THE further we proceed in the investigation of our Liturgy, the more we feel the difficulty of doing justice to it. Such is the spirit which it breathes throughout, that if only a small measure of its piety existed in all the different congregations in which it is used, we should be as holy and as happy a people as ever the Jews were in the most distinguished periods of their history. If this object has not been yet attained, it is not the fault of our Reformers: they have done all that men could do, to transmit to the latest posterity the blessings which they themselves had received: and there is not a member of our Church, who has not reason to bless God, every day of his life, for their labours. But they knew that it would be to little purpose to provide suitable forms of prayer for every different occasion, if they did not also secure, as far as human wisdom could secure, a succession of men, who, actuated by the same ardent piety as themselves, should perform the different offices to the greatest advantage, and carry on by their personal ministrations the blessed work which they had begun. Here therefore they bestowed the utmost care; marking with precision what were the qualifications requisite for the ministerial office, and

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binding, in the most solemn manner, all who should be consecrated to it, to a diligent and faithful discharge of their respective duties.

When we first spake of the Liturgy, we proposed, after vindicating its use, and displaying its excellency, to direct your attention to one particular part, which on that account we should reserve for a distinct and fuller consideration. The part we had in view was, The Ordination Service. We are aware, indeed, that in calling your attention so particularly to that, we stand on delicate ground: but, being aware of it, we shall take the greater care that no one shall have reason to complain of want of delicacy. It is the candour that has invariably manifested itself in this congregation, that emboldens me to bring this subject before you. Any attempt to discuss the merits of the Liturgy would indeed be incomplete, if we omitted to notice that part, which so pre-eminently displays its highest excellencies, and is peculiarly appropriate to the audience which I have the honour to address. I trust therefore I shall not be thought assuming, as though I had any pretensions to exalt myself above the least and lowest of my brethren. I well know, that, if my own deficiencies were far less than they are, it would ill become me to take any other than the lowest place; and much more, when I am conscious that they are so great and manifold. For my own humiliation, no less than that of others, I enter on the task; and I pray God, that, whilst I am shewing what our Reformers inculcated as pertaining to the pastoral office, we may all apply the subject to ourselves, and entreat help from God, that, as "we have well said all that we have spoken, so there may be in us such an heart."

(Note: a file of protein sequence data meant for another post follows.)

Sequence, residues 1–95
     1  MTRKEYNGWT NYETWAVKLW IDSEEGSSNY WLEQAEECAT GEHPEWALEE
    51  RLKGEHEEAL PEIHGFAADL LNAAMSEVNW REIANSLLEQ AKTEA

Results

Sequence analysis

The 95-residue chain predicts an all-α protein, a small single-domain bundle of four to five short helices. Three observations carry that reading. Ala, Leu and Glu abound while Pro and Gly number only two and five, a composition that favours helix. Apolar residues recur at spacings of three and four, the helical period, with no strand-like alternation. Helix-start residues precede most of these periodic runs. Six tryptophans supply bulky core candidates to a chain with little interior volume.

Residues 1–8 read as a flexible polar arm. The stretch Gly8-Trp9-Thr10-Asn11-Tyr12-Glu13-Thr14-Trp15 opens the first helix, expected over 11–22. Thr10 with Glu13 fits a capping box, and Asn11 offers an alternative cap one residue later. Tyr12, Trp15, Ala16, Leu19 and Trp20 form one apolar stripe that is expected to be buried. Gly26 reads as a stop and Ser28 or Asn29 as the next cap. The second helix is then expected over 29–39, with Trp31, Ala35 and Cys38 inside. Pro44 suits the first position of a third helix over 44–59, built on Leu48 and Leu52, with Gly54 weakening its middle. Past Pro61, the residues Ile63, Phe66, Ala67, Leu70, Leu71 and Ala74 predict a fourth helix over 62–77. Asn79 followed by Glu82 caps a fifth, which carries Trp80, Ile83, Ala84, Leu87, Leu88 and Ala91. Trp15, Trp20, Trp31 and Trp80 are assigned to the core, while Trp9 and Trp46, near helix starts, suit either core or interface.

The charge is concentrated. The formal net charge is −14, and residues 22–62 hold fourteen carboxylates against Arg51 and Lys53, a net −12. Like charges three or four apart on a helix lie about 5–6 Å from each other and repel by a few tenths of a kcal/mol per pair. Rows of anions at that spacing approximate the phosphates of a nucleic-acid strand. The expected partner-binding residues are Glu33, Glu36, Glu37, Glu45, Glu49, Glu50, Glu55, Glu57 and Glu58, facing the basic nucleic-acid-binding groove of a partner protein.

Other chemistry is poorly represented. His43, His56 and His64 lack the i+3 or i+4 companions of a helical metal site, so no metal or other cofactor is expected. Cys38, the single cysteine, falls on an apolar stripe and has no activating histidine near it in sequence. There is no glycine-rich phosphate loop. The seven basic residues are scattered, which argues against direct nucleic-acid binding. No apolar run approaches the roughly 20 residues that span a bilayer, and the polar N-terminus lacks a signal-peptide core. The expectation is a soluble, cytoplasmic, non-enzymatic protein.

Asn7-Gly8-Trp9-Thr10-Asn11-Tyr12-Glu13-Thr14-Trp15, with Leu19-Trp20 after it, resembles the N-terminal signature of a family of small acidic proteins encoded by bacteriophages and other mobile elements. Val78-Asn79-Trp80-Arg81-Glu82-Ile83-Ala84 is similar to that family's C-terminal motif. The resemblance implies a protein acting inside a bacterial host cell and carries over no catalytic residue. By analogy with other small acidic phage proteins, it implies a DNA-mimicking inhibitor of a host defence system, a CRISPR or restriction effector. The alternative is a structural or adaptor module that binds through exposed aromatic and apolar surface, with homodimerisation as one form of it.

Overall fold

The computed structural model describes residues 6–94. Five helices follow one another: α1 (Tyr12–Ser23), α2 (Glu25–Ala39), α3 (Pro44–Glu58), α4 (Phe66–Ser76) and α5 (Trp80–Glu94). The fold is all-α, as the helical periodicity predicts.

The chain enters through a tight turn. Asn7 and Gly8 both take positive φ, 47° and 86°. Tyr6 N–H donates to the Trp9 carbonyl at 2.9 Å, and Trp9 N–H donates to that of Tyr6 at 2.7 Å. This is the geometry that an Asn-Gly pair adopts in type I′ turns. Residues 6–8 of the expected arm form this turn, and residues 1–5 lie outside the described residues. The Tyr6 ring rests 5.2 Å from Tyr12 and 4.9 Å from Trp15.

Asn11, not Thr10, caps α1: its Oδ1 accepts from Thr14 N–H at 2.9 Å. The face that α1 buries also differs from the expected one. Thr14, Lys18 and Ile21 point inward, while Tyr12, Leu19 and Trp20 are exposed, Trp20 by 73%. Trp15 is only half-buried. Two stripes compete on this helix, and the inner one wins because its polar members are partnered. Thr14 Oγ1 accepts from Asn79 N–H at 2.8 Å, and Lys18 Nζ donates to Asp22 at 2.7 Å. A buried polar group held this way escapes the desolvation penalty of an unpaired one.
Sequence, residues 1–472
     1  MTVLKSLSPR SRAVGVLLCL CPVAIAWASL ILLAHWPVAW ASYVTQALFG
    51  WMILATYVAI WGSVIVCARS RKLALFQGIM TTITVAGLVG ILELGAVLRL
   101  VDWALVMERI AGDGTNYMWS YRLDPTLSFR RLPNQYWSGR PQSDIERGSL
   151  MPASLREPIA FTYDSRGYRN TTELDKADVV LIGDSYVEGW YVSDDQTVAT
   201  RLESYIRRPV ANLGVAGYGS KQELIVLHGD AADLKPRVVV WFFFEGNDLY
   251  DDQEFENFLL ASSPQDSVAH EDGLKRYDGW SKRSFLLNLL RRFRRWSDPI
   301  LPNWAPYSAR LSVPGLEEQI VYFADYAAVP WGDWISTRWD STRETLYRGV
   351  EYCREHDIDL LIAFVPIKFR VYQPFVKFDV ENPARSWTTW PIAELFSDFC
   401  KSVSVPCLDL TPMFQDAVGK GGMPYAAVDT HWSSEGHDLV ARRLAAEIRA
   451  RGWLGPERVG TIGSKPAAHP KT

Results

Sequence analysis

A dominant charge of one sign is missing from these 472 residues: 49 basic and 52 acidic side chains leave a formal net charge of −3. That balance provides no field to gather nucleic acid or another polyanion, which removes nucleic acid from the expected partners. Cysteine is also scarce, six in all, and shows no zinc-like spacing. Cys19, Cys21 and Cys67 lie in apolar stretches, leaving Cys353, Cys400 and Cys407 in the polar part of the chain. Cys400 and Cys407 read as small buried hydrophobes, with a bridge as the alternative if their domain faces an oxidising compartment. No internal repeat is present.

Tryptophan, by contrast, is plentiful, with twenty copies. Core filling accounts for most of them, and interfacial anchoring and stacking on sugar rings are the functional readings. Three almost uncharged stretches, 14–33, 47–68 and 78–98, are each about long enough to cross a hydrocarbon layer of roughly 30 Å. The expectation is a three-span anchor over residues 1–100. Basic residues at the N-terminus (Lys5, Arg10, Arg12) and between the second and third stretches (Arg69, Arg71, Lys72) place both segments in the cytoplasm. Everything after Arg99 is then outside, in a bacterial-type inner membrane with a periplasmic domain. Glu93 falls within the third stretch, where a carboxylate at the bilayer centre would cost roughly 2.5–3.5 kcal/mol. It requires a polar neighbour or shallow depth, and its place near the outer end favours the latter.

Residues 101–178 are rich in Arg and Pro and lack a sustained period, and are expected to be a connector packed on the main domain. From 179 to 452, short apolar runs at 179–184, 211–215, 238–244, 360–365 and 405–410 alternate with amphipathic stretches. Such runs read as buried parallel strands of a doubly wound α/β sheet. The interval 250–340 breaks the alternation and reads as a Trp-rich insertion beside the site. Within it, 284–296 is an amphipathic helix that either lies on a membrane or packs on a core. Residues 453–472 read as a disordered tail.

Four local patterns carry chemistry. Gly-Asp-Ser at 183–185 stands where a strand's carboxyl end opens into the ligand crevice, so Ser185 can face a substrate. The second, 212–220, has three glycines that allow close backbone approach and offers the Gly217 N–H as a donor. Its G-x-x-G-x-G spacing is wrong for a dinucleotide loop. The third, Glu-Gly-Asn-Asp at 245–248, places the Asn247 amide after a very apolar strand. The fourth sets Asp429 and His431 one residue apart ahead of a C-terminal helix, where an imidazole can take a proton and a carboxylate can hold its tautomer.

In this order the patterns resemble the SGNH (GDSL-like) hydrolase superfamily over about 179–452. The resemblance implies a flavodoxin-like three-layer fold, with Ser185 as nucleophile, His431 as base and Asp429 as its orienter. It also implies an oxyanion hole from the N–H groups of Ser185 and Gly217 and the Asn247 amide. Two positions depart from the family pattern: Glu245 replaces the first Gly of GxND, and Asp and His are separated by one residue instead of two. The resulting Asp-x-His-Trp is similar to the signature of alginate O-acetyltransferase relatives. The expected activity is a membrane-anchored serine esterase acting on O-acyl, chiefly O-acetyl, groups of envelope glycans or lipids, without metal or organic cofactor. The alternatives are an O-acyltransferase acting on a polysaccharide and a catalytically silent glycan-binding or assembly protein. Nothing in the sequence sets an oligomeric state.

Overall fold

There are three things to be noticed in the Ordination Service; our professions, our promises, and our prayers: after considering which, we shall endeavour to excite, in all, that desire, which God has so tenderly, and so affectionately, expressed in our behalf.

Let me begin, then, with calling your attention to the professions which we make, when first we become candidates for the ministerial office.


So sacred was the priesthood under the Law, that no man presumed to take it upon himself, but he who was called to it by God, as Aaron was. And though the priesthood of our blessed Lord was of a totally distinct kind from that which shadoweth it forth, yet did he not glorify himself to be made an HighPriest," but was so constituted by his heavenly Father, who committed to him that office" after the order of Melchizedec." Some call therefore, as from God himself, is to be experienced by all who devote themselves to the service of the sanctuary. Of this our Reformers were convinced: and hence they required the ordaining bishop to put to every candidate that should come before him, this solemn interrogation; "Do you trust that you are inwardly moved by the Holy Ghost to take upon you this office?" to which he answers, "I trust so."

Now I am far from intimating that this call, which every candidate for Holy Orders professes to have received, resembles that which was given to the Apostles: it is certainly not to be understood as though it were a voice or suggestion coming directly from the Holy Ghost; for though God may reveal his will in this manner, just as he did in the days of old, yet we have no reason to think that he does. The motion here spoken of is less perceptible: it does not carry its own evidence along with it; (as did that which in an instant prevailed on the Apostles to forsake their worldly business, and to follow Christ;) but it disposes the mind in a gradual and silent way to enter into the service of God; partly from a sense of obligation to him for his redeeming love, partly from a compassion for the ignorant and perishing multitudes around us, and partly from a desire to be an honoured instrument in the Redeemer's hands to establish and enlarge his kingdom in the world. Less than this cannot reasonably be supposed to be comprehended in that question: and the way to answer it with a good conscience is, to examine ourselves whether we have an eye to our own ease, honour, or preferment; or, whether we have really a love to the